After an online game's bank is robbed a programmer, a cop, and an insurance investigator all find themselves involved in a global conspiracy. Sue Smith is a sergeant in the Edinburgh police department in near future post-independence Scotland. She is called in on a burglary call from a company called Hayek Associates.
When the police arrive the panicked Marketing Director confusingly starts describing a scenario involving orcs and dragons and soon it is revealed that Hayek runs security for a gaming company and that the robbery in question took place within an online roleplaying game.
The game is called Avalon Four, and in it players can purchase items with real world money. In order to facilitate gameplay Hayek Associates runs a central bank for the game where players can store their valuables to avoid losing them to bandits or character death. However since the items have real world value someone has devised a way of stealing them. There is some hacking involved, and there is a suspicion that the real motive behind the theft is to devastate the stock price of Hayek Associates.
Elaine Barnaby is an forensic accountant with the insurance company that covers Hayek. She gets assigned the case by because of her background as a gamer. Her bosses suspect the robbery was an inside job and want someone to audit the in-game bank. Elaine points out that although she knows her way around games, she is not a technical person and will need a programmer to help her access the data.
The police look into the Hayek employees and find that one of them, work-at-home programmer Nigel MacDonald is not answering his phone. They check his apartment and find it sanitized, so they start a missing persons investigation on him and he becomes a primary suspect in the robbery.
Elaine gets partnered with a down on his luck programmer called Jack Reed, they are given one week to investigate since the CEO of Hayek is not thrilled at being audited. They log into the game together and go looking for information on the missing Nigel MacDonald. Soon Jack starts receiving some threatening phone calls, which seem to be trying to get him to leave the case.
One of the games Elaine plays is called Spooks and is a real world role playing game in which people play as spies. She receives a mission to collect a package and as she does so she thinks she is being followed, unnerved she returns to her hotel.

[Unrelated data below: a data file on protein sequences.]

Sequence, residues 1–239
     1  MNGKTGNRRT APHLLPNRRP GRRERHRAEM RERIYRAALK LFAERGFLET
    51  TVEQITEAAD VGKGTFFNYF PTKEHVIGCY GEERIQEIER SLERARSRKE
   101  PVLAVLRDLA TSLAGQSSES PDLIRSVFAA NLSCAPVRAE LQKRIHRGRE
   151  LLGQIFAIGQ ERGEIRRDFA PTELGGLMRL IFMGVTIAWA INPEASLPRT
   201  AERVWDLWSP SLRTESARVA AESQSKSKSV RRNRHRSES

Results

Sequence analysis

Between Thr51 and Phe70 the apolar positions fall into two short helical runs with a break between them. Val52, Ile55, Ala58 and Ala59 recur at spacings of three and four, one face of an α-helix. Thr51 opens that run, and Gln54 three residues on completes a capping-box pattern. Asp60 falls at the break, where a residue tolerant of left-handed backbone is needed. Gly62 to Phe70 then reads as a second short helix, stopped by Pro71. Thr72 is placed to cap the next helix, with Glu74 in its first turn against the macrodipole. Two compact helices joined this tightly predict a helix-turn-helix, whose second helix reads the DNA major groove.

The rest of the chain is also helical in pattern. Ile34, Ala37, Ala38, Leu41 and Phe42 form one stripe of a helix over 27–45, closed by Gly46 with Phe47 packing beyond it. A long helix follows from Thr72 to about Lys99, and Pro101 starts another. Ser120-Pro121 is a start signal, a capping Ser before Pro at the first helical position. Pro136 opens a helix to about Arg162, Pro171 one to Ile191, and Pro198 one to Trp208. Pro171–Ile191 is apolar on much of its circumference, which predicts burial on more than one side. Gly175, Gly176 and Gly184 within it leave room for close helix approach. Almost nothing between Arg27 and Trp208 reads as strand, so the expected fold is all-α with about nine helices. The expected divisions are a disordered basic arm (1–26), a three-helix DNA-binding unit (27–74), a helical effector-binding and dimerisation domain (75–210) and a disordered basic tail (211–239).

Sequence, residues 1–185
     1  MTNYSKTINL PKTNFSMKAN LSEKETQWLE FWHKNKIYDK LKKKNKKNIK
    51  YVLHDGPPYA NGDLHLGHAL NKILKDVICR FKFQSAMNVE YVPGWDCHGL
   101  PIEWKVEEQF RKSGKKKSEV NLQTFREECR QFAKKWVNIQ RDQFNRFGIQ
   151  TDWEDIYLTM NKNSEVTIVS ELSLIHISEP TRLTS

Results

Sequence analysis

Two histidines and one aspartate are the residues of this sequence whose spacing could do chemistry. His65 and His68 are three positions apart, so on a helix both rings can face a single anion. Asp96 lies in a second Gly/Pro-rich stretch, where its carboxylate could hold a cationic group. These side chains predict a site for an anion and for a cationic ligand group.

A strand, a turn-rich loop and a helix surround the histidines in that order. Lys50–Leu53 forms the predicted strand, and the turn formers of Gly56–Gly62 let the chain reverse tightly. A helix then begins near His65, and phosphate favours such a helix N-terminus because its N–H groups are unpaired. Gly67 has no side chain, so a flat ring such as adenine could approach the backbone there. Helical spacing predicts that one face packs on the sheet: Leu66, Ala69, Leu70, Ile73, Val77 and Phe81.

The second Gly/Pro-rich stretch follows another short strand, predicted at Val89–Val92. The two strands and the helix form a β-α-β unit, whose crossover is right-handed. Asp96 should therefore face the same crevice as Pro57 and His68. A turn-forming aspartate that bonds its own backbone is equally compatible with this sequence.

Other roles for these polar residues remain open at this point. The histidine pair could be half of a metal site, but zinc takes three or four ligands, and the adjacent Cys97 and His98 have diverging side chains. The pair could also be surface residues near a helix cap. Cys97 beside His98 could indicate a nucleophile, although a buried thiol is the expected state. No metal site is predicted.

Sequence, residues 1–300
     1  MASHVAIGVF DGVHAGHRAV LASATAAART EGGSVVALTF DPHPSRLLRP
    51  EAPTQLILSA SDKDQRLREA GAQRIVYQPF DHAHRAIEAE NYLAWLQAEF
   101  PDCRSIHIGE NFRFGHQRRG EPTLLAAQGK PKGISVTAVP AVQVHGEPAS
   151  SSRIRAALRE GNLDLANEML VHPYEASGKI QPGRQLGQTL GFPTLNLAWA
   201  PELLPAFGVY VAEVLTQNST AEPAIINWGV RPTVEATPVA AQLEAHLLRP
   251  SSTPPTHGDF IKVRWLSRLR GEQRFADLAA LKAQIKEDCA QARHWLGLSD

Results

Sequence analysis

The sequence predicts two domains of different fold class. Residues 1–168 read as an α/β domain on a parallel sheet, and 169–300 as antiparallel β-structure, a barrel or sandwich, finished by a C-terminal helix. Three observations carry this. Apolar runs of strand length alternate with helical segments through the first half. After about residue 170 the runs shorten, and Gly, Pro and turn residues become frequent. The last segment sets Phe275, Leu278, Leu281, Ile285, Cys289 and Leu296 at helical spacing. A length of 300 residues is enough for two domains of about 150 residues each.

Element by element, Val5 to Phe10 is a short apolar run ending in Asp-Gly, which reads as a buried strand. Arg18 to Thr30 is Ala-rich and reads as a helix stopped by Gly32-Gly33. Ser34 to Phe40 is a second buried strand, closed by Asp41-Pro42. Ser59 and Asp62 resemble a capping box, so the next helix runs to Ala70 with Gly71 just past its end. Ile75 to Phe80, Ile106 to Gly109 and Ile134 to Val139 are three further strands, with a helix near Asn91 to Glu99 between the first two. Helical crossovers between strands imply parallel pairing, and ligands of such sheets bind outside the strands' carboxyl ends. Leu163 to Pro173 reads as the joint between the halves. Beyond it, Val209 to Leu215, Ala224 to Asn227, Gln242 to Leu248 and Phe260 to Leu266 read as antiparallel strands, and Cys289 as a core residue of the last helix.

While trying to track down someone who might be trying to fence the stolen items Jack has a run in with a Chinese hacker who asks him for asylum under the apparent assumption that Jack works for the government, when he realizes his mistake he vanishes leaving Jack confused.
Jack and Elaine are in a taxi when Elaine receives a Spooks call telling her that the cab driver is working for a Chinese group and trying to kidnap her, and that this is not a game but a real thing. Jack and Elaine escape the cab and Jack gets a call. He used to play Spooks as well but hasn't in years, the operator is from the game, she also tells him the game is real and they are both told to go to a specific location.
As they work together Jack and Elaine become close, and eventually start a relationship and open up to each other about their pasts.
It turns out Spooks is run by a real intelligence agency, using civilians as unwitting agents. The agency is also using Hayek as a front to monitor online cybercrime. They are currently trying to stop an attempted hack of the internet backbone routers by Chinese agents. They suspect that they have a mole at Hayek who is working for the Chinese.
They set a trap for the mole, who turns out to be the CEO of the company. Although it is a government front, the main employees where hired from outside the agency, since they needed real experts to run the company. It turns out that Hackman, unaware of who he was really working for, is behind the robbery and stood to gain millions from some tricky stock options.
Best part of story, including ending:
The basic premise(s) are pretty neat, from the in-game heist to using civilians as unwitting agents. However the whole thing has far too much technical explanation of hacking, gaming, programming, and internet infrastructure. Additionally it becomes very convoluted with multiple individuals who don't really exist and too many conflicting interests acting with motivations that ultimately don't matter enough to warrant the time spent on them in the narrative.
Best scene in story:
I liked when Elaine and Jack go online together for the first time, it's funny and interesting and you start seeing their chemistry.
Opinion about the main character:
It's hard to say who the lead is in this, since Sue, Elaine, and Jack all get about the same amount of screen time. But since Sue is the first one on the page; she's smart and no-nonsense, and does a great deal despite the fact that she is terribly unqualified for this particular assignment and knows it.